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'These children have seen blood, sorrow and death'

August 27, 2010 11:30 IST
How does it feel to be a doctor in Srinagar as violence rages around you and there is a constant stream of patients being wheeled in?

Sahim Salim meets doctors at a Srinagar hospital to find out.

In May three patients were brought in with firearm injuries.

In June it increased to 15 patients.

July saw 27 patients.

In the first 10 days of August, 57 people were brought in with varying injuries caused by bullets or tear gas shells.

This are figures at just one hospital in Srinagar, the Shri Maharaja Hari Singh Hospital.

This central government hospital does not have a trauma centre; strange when you consider that Srinagar has witnessed violent conflicts between residents and security personnel for 20 years now.

In fact, there is not a single hospital in Srinagar which has trauma facilities. In times of conflict, the casualty department at the Shri Maharaja Hari Singh Hospital is converted into a makeshift trauma centre.

Dr Waseem Quraishi, the medical superintendent, Shri Maharaja Hari Singh Hospital, says he could get a haircut after weeks of waiting only a few days ago.

Ever since the Kashmir valley erupted after 17-year-old Tufail Mattoo was killed by a tear gas shell on June 11, his hospital has been busy saving lives.

"I finally got a breather and quickly got a haircut," says the doctor.

Dr Quraishi says the hospital staff has been working around the clock to save the lives of patients admitted to the medical establishment.

"A majority of the injuries are in the head, chest and abdomen. That makes our task even more difficult," adds Dr Quraishi.

Another doctor at the hospital, Dr Aziz (his name has been changed as he did not wish to be identified), says the nature of injuries is severe.

"A majority of the victims have multiple gunshot injuries, invariably in the head, chest and abdomen. These are children we are talking about -- teens and children below 10. The oldest among these kids will be in his early 20s," reveals the doctor.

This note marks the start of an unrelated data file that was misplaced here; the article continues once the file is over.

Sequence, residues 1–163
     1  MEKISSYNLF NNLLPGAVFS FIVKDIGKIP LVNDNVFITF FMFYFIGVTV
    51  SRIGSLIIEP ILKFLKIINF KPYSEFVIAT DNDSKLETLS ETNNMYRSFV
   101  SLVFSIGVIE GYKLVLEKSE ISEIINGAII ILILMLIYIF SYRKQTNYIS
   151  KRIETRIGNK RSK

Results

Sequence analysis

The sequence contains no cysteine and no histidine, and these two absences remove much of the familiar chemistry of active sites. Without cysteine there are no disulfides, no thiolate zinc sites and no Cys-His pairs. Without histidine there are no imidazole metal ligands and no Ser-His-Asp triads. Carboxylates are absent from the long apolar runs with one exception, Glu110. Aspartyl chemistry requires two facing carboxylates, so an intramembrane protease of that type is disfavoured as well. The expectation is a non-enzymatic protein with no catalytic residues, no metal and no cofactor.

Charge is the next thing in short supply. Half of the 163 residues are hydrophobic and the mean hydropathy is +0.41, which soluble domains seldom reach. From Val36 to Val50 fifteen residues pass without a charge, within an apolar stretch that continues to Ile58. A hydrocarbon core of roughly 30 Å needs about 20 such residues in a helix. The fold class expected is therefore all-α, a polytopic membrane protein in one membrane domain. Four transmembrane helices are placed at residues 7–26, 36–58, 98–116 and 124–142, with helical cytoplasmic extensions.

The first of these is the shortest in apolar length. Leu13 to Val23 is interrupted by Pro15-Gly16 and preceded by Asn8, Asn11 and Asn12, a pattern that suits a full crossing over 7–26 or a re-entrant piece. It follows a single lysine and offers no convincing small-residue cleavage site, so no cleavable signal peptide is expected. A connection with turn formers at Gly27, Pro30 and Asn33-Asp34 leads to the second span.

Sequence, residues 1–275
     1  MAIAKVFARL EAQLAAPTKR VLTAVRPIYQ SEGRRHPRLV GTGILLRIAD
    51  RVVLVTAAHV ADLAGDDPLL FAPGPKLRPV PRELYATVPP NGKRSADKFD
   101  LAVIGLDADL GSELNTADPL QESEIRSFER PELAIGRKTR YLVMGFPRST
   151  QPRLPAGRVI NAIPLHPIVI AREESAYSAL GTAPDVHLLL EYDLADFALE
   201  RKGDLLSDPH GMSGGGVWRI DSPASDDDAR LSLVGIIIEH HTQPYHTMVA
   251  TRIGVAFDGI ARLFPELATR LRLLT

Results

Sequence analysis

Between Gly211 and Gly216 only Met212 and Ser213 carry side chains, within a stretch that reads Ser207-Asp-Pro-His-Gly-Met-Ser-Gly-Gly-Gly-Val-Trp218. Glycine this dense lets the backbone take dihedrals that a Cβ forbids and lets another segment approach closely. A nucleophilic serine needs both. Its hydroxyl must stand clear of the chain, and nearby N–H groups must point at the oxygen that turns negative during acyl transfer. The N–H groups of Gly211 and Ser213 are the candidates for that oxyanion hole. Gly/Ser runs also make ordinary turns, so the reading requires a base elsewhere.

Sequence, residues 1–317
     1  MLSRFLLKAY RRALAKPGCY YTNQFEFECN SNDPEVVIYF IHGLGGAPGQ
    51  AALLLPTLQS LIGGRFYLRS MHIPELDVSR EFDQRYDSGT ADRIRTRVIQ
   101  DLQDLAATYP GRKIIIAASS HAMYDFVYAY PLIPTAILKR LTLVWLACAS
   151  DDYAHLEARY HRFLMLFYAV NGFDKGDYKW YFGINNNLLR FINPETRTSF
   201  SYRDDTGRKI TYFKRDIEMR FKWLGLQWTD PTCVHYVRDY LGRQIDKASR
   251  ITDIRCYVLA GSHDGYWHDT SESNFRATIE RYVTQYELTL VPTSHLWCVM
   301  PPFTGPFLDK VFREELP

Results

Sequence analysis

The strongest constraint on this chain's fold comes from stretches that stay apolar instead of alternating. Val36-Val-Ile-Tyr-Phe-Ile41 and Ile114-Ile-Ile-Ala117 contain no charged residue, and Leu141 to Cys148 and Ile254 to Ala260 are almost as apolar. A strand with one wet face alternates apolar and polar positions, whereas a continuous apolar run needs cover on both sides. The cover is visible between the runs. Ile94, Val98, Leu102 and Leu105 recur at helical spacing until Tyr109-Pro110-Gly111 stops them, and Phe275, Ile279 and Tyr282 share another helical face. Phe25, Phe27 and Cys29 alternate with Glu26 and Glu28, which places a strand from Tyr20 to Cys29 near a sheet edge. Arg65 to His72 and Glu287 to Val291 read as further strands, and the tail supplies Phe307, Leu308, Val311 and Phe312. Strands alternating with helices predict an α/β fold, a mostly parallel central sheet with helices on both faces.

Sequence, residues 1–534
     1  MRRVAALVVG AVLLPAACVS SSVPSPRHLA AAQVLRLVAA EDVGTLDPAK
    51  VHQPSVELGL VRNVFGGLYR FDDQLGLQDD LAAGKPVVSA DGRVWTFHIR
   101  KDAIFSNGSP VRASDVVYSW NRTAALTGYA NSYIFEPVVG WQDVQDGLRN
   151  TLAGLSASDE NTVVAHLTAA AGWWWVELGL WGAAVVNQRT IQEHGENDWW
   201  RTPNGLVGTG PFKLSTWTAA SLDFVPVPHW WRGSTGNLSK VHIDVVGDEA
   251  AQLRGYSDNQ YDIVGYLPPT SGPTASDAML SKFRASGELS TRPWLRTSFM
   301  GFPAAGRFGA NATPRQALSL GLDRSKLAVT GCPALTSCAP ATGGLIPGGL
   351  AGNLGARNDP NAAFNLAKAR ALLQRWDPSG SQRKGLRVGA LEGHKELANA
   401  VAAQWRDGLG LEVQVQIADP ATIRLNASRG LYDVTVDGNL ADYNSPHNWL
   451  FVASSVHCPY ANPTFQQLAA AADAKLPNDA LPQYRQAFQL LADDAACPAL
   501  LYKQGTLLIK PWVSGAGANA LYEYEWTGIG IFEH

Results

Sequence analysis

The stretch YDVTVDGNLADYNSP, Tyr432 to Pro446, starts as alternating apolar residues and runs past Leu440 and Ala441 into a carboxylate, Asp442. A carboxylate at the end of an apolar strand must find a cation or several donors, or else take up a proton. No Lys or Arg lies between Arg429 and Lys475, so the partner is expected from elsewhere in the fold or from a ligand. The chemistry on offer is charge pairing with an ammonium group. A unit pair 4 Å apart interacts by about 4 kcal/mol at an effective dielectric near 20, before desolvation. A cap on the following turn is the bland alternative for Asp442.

When this reporter asks Dr Quraishi if the hospital has enough beds for the number of patients, he gives a wry smile.

"Srinagar is under curfew. People from outside the immediate vicinity are not coming in. We have enough beds," he says.

Dr Quraishi has been head of the hospital since 2003.

"Of all my years at this hospital, this phase of protests is the most violent. I am a doctor, but I am also a Kashmiri. Seeing these kids brought in like this, it is indescribable. Some of these kids have died while under treatment here," he says.

"I have seen six kids die in this hospital," says Dr Aziz. "The strangest part of these deaths is that the parents of these boys don't cry. They calmly transport their child for burial, while their relatives weep in sorrow. It is unsettling."

Says Dr Ijaz Baba, a trauma surgeon at the hospital, "These children have seen blood, sorrow and death. They know what happened with their parents or relatives. Now they are angry and unafraid."

"There are kids in this hospital who say they will heal and go back to pelt more stones," adds Dr Baba, "Now with their bullet injuries, they are even more angry."

Image: Dr Waseem Quraishi, left, and Dr Ijaz Baba at the Shri Maharaja Hari Singh Hospital hospital in Srinagar. Photograph: Sahim Salim.

Earlier in the series: 'My 9-year-old son wants to fight for azaadi'
'Protestors are men, women and children we know'
Kashmir's young stone-throwers
'There's no saying what Kashmir's youth will do'
ALSO READ: In Kashmir, pelting stones for a price
Reading the mind of the Kashmiri stone-pelter

Sahim Salim